JUDY WOODRUFF: Talk about your state of Virginia. What realistically are Senator Obama’s chances there? The last time a Democrat won Virginia for president, 1964, Lyndon Johnson.
MARK WARNER: Yes, 44 years, it’s a long time. But Virginia truly is in play. There’s enormous energy from the Obama campaign, 200,000 new voters.
And one of the challenges is those voters in those rural communities, in southern Virginia, in southwest Virginia, in the Shenandoah Valley. And these were the same voters, while they’re in many ways my strongest supporters now as I run for the Senate, because it wasn’t just kind of a drive-by. We actually invested time, put in broadband, moved information technology jobs, focused our education reform efforts there.
Senator Obama has got to do the same. I mean, this is — I’ve got to convince folks there to give him a chance. He’s got to close the deal. But he’s got to — I’ve got to get folks to give him a chance.
Don’t believe all of the innuendo and misstatements and the things that come out over the Internet. This is a man who’s lived his own version of the American dream and wants to make sure that that fair shot is available for everybody.
JUDY WOODRUFF: In fact, to that point, the polls are showing that a number of Democrats say they’re still not sold on Senator Obama, whether — it’s not clear whether — to what extent it’s race, to what extent they perceive it’s inexperience, or something else. What does he need to do this week to get over that?
MARK WARNER: Well, I think a lot of Americans, while this campaign seems like it’s gone on forever, particularly for those of us kind of in the field, I think for most Americans it’s just been kind of noise. I think they’re going to start to tune in now with the conventions and then say, “OK, we’ve heard the rhetoric. Which of these two gentlemen are going to actually have the policies to help my life?”
“Which of the two are going to help my kid afford the resources to go to college, or find a way to have an energy policy that actually lowers gas prices, or deals with the concern about whether, you know, in the small towns that somebody’s got to leave their hometown to find a world-class job?”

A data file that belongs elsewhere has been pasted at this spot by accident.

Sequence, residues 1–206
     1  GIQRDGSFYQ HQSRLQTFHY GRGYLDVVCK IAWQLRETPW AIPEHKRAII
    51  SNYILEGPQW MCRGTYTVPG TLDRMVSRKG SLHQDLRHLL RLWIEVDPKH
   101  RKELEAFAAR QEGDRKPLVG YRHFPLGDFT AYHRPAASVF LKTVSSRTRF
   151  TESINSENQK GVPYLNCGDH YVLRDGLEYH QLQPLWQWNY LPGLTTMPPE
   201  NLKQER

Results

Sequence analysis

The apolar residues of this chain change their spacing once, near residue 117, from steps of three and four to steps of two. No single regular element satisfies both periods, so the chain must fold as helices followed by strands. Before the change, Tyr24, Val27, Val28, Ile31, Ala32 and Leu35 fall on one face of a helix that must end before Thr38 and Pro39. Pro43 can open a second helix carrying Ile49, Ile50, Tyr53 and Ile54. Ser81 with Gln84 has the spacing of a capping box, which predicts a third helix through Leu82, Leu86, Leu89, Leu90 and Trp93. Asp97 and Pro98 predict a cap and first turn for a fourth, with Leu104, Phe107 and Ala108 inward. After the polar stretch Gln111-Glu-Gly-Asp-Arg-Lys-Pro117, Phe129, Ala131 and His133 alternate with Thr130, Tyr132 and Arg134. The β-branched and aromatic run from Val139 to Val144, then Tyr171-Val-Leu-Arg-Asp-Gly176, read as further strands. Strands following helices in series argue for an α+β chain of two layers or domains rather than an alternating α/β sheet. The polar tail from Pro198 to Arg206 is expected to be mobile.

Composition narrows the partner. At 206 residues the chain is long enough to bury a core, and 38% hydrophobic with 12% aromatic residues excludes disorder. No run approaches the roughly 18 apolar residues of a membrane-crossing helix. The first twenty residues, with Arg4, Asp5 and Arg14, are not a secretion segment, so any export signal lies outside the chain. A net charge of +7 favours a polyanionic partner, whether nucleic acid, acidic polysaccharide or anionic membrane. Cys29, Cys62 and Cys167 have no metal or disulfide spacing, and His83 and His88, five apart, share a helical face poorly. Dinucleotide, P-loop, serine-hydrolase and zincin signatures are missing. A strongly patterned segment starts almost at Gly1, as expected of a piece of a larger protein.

And I think if voters can get to that point, and then the Obama campaign’s challenge is to move from a message of hope to hope combined with a focus on real results, I think you’ll be successful.
I think Senator Biden’s selection helps in that manner, clearly shoring up on foreign policy, clearly somebody who’s got a history of connecting with what are viewed as more traditional, you know, blue-collar voters, and somebody who can draw the contrast with Senator McCain.
JUDY WOODRUFF: What are you most worried about this week? Is it whether the party comes out of here looking, feeling united?
MARK WARNER: Well, I think I have a concern about the party being united, but I think the stakes are just too high. I would be shocked if, come Friday, this is not a party where everybody realizes, you know, we’ve got a major challenge, a major choice in front of us.
You know, and my hope is that Senator Obama’s campaign will continue to realize that, while perhaps he hasn’t closed the deal with everybody, I’m not sure that a lot of these folks, whether they’re Democrats, independents, or an awful lot of disaffected Republicans who want to turn the page, as well, I don’t believe they’ve been sold on John McCain, as well.
So I think this is a very open election in Virginia. It’s going to be a very tight race. We always knew that. But it’s going to be an exciting sprint from Labor Day.
JUDY WOODRUFF: Mark Warner, than you very much for talking with us. We appreciate it.
MARK WARNER: Thank you, Judy.